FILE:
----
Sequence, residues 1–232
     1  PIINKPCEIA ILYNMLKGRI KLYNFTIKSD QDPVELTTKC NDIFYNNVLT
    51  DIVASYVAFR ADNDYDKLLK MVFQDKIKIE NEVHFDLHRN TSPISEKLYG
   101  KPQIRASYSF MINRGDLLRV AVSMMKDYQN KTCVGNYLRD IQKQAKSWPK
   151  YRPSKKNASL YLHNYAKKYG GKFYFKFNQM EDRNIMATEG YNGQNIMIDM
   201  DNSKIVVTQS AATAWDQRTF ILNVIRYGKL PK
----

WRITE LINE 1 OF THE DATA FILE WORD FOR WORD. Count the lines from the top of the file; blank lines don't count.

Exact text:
Sequence, residues 1–232